Going back in time to 1880, Johnâ€™s occupation as a music teacher was another way to pick him out from the crowd of John Wolfords, and it helped to bridge a gap from Carbon County on the east end of the state, to Mercer County where he is enumerated on the far west end of the state. I found him there with other people in the household that I am surmising may be his mother Mary, father John, and possibly an older brother Daniel. Without relationships stated in 1870, and the family unit separated in 1880, I canâ€™t determine from census records alone what the family structure is, so Iâ€™ll have to dig deeper to establish these relationships.
Filling in the Blanks and Starting My To-Do List
As I progressed backwards in time through the census, I began filling in more information in my database. Ages, drawn from the census records were entered, as were birthplaces; in this case, all were born in Pennsylvania. Itâ€™s important that I take a break between each decade and assess the information I have found, noting new clues and entering new data into my database.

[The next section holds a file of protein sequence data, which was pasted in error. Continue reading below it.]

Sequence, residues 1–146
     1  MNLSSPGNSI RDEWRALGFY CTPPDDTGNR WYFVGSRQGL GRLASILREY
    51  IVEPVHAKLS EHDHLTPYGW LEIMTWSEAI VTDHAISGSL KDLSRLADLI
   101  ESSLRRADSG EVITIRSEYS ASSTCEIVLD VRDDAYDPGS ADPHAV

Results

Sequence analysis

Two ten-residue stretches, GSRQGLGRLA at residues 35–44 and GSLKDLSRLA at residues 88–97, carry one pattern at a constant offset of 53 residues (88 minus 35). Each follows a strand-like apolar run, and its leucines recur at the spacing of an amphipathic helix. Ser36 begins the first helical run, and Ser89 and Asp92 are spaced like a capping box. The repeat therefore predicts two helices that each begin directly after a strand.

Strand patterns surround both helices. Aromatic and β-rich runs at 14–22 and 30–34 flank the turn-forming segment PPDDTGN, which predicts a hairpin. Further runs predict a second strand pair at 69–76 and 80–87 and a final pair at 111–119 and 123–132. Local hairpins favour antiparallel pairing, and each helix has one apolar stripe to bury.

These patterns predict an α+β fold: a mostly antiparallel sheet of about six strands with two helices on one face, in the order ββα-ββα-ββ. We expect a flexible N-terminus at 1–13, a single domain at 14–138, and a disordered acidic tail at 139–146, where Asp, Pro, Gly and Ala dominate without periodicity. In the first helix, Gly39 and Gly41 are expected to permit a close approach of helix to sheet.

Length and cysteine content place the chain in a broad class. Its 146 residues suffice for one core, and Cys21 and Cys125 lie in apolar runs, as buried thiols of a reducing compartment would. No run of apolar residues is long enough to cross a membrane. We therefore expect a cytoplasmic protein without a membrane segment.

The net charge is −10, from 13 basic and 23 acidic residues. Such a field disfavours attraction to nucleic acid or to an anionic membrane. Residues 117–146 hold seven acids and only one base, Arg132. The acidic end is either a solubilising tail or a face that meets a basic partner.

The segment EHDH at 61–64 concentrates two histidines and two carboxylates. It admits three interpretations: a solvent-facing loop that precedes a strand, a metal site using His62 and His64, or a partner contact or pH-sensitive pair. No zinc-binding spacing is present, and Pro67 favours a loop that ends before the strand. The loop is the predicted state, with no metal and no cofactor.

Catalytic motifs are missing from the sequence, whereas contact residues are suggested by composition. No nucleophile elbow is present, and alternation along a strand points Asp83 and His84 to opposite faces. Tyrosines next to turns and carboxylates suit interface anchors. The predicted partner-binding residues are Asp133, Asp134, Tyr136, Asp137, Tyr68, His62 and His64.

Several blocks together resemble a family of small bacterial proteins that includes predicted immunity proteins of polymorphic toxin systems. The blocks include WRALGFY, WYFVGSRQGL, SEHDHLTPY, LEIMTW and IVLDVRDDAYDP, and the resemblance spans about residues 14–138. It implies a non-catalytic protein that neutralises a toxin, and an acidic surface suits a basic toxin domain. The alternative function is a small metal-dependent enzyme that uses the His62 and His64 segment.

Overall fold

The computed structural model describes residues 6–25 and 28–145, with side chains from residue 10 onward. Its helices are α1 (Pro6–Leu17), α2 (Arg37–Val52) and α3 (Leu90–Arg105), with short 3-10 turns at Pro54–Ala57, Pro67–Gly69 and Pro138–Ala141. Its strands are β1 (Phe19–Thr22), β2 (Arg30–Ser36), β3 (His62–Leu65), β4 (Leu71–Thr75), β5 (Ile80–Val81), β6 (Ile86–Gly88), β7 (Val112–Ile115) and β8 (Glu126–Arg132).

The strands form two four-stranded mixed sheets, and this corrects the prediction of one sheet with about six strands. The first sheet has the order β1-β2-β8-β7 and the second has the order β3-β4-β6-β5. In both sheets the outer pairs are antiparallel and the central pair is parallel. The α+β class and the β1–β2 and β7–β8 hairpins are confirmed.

The 1900 census lists both John and Rebecca as having been married for 28 years, so I can estimate that they were married around 1872. Using finds like this one, Iâ€™m creating a to-do list for records Iâ€™m unable to access online. Iâ€™ll be adding a search for their marriage record to that list and have already found a possible source on film at the Family History Library. Iâ€™ve noted it in the Research Journal as a to-do item and included the FHL film number, so Iâ€™m all ready when my next trip comes around or to order the film through my local Family History Center.